Pharmacy Adopts "Universal Precautions" for Medication Lists
Looks can be deceiving, which is why the pharmacists and pharmacy technicians at one academic medical center work on the premise that every medication list, until verified as accurate by a qualified person, contains errors.
The premise, said Cedars-Sinai Medical Center Chief Pharmacy Officer Rita Shane, is similar to the assumption underlying the adoption of universal precautions for prevention of transmission of bloodborne pathogens in healthcare settings: Treat the blood and body fluids of all patients as if those fluids were known to contain bloodborne infectious pathogens.
Assume There Are Errors
Shane, who recently proposed "universal precautions for medication lists" and a related protocol in the journal BMJ Quality & Safety,1 wants healthcare personnel to treat all medication lists, even those in electronic health records, as "contaminated" (erroneous) until verified.
"We found 7.4 errors per medication list" for patients admitted through the Cedars-Sinai emergency department, Shane said.
Another inhouse study at the Los Angeles hospital, this one focused on discharge medication lists and conducted in the first few days after a patient's discharge, found about 3.5 errors or discrepancies (or both) per patient.
Shane attributed half of those postdischarge errors or discrepancies to discharge medication lists that might not have accurately reflected the current medications the patients should be taking on the basis of the admitting medication history and hospital stay.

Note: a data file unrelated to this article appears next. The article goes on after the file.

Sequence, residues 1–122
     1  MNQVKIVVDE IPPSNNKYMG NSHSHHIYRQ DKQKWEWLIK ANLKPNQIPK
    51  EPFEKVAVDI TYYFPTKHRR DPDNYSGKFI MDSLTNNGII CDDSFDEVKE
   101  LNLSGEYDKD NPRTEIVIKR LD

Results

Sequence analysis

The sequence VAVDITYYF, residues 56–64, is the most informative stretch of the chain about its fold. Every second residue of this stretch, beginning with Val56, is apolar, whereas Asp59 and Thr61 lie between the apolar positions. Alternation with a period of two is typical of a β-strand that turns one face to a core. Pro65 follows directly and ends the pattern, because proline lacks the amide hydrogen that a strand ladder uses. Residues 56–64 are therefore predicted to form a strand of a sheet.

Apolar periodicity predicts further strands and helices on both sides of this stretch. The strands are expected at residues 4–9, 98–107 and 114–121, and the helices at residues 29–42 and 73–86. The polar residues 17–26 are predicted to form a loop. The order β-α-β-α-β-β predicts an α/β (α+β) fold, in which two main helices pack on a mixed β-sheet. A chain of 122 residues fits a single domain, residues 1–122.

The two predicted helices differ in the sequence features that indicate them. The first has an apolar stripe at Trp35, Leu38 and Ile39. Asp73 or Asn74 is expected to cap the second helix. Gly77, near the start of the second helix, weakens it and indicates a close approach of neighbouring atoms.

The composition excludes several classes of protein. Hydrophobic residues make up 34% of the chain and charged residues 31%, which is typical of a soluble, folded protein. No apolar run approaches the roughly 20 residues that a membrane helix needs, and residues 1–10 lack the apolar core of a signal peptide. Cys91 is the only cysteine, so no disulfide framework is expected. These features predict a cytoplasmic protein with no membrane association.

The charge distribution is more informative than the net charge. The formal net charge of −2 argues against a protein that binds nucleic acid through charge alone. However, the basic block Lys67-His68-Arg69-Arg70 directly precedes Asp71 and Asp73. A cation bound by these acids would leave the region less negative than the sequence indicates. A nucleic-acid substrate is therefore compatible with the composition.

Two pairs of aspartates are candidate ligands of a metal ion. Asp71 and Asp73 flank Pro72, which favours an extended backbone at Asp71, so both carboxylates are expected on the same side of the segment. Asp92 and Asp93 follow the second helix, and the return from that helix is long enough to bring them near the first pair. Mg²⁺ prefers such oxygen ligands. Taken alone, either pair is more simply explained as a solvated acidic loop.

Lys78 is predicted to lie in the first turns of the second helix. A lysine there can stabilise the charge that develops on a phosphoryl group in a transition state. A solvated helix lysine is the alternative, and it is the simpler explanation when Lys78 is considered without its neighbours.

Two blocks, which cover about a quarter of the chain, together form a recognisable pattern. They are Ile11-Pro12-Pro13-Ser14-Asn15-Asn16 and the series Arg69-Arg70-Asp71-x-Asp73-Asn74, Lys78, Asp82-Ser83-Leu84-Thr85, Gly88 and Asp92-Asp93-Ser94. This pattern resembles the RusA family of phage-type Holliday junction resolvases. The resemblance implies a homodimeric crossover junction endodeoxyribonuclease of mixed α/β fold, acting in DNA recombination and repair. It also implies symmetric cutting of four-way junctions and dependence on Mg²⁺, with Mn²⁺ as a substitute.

The other half, she said, resulted from patients "really not understanding what they're supposed to be on" after leaving the hospital.
Now, a team of five pharmacists and four specially trained pharmacy technicians follows the universal precautions for medication lists whenever possible for the hospital's medical–surgical patient admissions, Shane said.
The precautions involve the following proposed protocol:
- At each healthcare encounter, consider a medication list contaminated or erroneous until verified for accuracy.
- Verify a medication's name, dose, frequency, dosage form, route of administration, and duration of therapy with the patient and, whenever possible, with additional sources, including the patient's pharmacy and primary physician.
- If the above verifications have not occurred, do not simply continue a medication regimen from the medication history, especially if the regimen involves a high-risk drug or one with a narrow therapeutic index.
- For a medication taken before hospital admission, do not at discharge automatically continue the regimen unless it is needed to treat one of the patient's underlying conditions.
- At discharge, verify the patient's continuing medication list to ensure documentation of medication changes, including discontinuations, made on the basis of the hospital stay.
The team reaches about one third of the medical–surgical population, focusing on the high-risk patients, Shane said.
A checked-off box on a Cedars-Sinai medication list indicates to physicians and other healthcare personnel whether a pharmacy staff member has verified the contents.
"Initially, it was such a new thing for them that they didn't know what it mean[t] for them," pharmacist Olga Zaitseva said of the physicians' early reaction to the pharmacists' and pharmacy technicians' diligence.
"But now since they realize the value of this service, they're looking for" the verification mark, she said.
Trust But Verify